The BCCA found that the threshold on a Vukelich application is low. The question is “whether a full hearing would ‘assist the proper trial of the real issues’…[assuming] that the allegations advanced in the proposed application could be proven” (Johnston, para 373). When the application is based on allegations of abuse of process, the accused need show only that a full evidentiary hearing would assist in the Court’s determination on the question of whether there has actually been an abuse of process warranting a stay of proceedings.
Abuse of Process
In determining whether the Vukelich applications alleged facts that could support the remedy being sought, the trial judge must consider the test that must be met for said remedy. In this case, the accused and amici allege abuse of process. The remedy sought is a stay of proceedings.
The SCC set out the legal principles for abuse of process in R. v. Babos, 2014 SCC 16 [Babos], including two categories of abuse of process where a stay may be granted as remedy: the “main category” where trial fairness is impacted, and the “residual category” where state conduct “offends societal notions of fair play and decency” without compromising the fairness of trial (Johnston, para 366).
Three criteria determine whether a stay of proceedings is appropriate:
(1) There must be prejudice to the accused’s right to a fair trial or the integrity of the justice system that “will be manifested, perpetuated or aggravated through the conduct of the trial, or by its outcome;”
(2) There must be no alternative remedy capable of redressing the prejudice; and
(3) Where there is still uncertainty over whether a stay is warranted after steps (1) and (2), the court is required to balance the interests in favour of granting a stay, such as denouncing misconduct and preserving the integrity of the justice system, against “the interest that society has in having a final decision on the merits” (Babos, para 32).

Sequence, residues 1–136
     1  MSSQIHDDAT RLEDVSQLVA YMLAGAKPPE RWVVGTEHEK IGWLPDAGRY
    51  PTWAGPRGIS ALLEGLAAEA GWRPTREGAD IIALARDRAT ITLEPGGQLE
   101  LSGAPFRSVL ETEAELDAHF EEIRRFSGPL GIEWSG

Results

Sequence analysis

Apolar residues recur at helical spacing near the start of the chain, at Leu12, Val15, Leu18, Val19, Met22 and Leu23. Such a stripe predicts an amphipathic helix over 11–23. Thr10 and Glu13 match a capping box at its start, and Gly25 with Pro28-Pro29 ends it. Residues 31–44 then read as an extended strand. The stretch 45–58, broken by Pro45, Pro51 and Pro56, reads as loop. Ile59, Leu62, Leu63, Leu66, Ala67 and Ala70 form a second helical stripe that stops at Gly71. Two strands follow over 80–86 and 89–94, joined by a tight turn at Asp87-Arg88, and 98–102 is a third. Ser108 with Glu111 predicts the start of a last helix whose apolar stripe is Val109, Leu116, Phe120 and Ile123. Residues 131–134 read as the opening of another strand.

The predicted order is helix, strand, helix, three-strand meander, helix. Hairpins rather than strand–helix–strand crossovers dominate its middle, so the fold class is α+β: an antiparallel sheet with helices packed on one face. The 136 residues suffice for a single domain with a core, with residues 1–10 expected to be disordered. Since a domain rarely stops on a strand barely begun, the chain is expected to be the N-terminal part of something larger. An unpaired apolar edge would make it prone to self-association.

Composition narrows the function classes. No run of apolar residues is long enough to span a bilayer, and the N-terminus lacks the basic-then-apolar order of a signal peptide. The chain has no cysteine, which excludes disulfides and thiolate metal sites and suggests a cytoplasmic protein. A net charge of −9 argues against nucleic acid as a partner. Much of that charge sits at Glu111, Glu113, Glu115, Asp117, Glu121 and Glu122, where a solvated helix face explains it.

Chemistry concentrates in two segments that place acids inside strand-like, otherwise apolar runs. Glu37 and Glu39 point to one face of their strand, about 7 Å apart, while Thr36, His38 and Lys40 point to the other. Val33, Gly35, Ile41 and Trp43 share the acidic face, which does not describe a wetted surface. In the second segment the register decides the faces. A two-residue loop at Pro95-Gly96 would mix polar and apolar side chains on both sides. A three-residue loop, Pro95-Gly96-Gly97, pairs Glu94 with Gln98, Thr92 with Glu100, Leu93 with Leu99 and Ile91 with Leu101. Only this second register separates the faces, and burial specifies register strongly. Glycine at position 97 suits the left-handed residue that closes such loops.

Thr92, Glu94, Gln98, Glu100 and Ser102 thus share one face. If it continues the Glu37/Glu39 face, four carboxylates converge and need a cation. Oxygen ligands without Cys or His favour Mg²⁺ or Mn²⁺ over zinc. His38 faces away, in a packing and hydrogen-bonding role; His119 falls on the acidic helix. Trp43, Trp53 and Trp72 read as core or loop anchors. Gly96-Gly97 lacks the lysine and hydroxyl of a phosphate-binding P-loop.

The trial judge in this case determined that the alleged misconduct did amount to an abuse of process in the residual category and there was no alternative remedy. She then looked at the third, “balancing” stage and determined that given the horrifying circumstances and gravity of the crime, that a stay of proceedings could not be warranted despite the abuse of process.
Possible Crown Positions in the SCC Appeal
The Crown filed an application for leave to appeal to the SCC pursuant to the Criminal Code, section 693(1)(b), where a court of appeal has set aside a conviction. As the BCCA gave effect to only one ground of appeal, it seems certain that this ground is where the Crown appeal will lie.
The Crown and defence’s Memoranda of Argument are not currently available and may not become available. All published judgments in and related to this case have been redacted, including some of the most crucial sections of the BCCA’s reasons including the “Sealed Vukelich ruling.” I can only predict the grounds that the Crown will advance and how the Crown will frame the question(s) of law at the SCC, based on the limited information provided in the BCCA and BCSC decisions.
The BCCA held that the trial judge erred in applying the incorrect threshold in a Vukelich application related to allegations of abuse of process. It seems likely that the Crown will submit:
- the BCCA misidentified the appropriate threshold for a Vukelich application; or
- that there are categories of offences in which a stay of proceedings can never be an appropriate remedy for an abuse of process.
Did the BCCA Err in Its Analysis of Vukelich Principles?
At the SCC, the Crown may submit that the BCCA erred in finding that weighing evidence in the context of abuse of process is incompatible with Vukelich principles.
In Johnston, the Crown submitted that the trial judge need not draw the inferences most favourable to the defence in a Vukelich hearing. I expect the Crown will maintain this position at the SCC. Assessing the facts alleged “at their highest” (Johnston, para 405) in the context of the Babos test still requires, at the third stage, that the trial judge accept the inferences available to them and consider whether they could outweigh “the interest that society has in having a final decision on the merits” (Babos, para 32).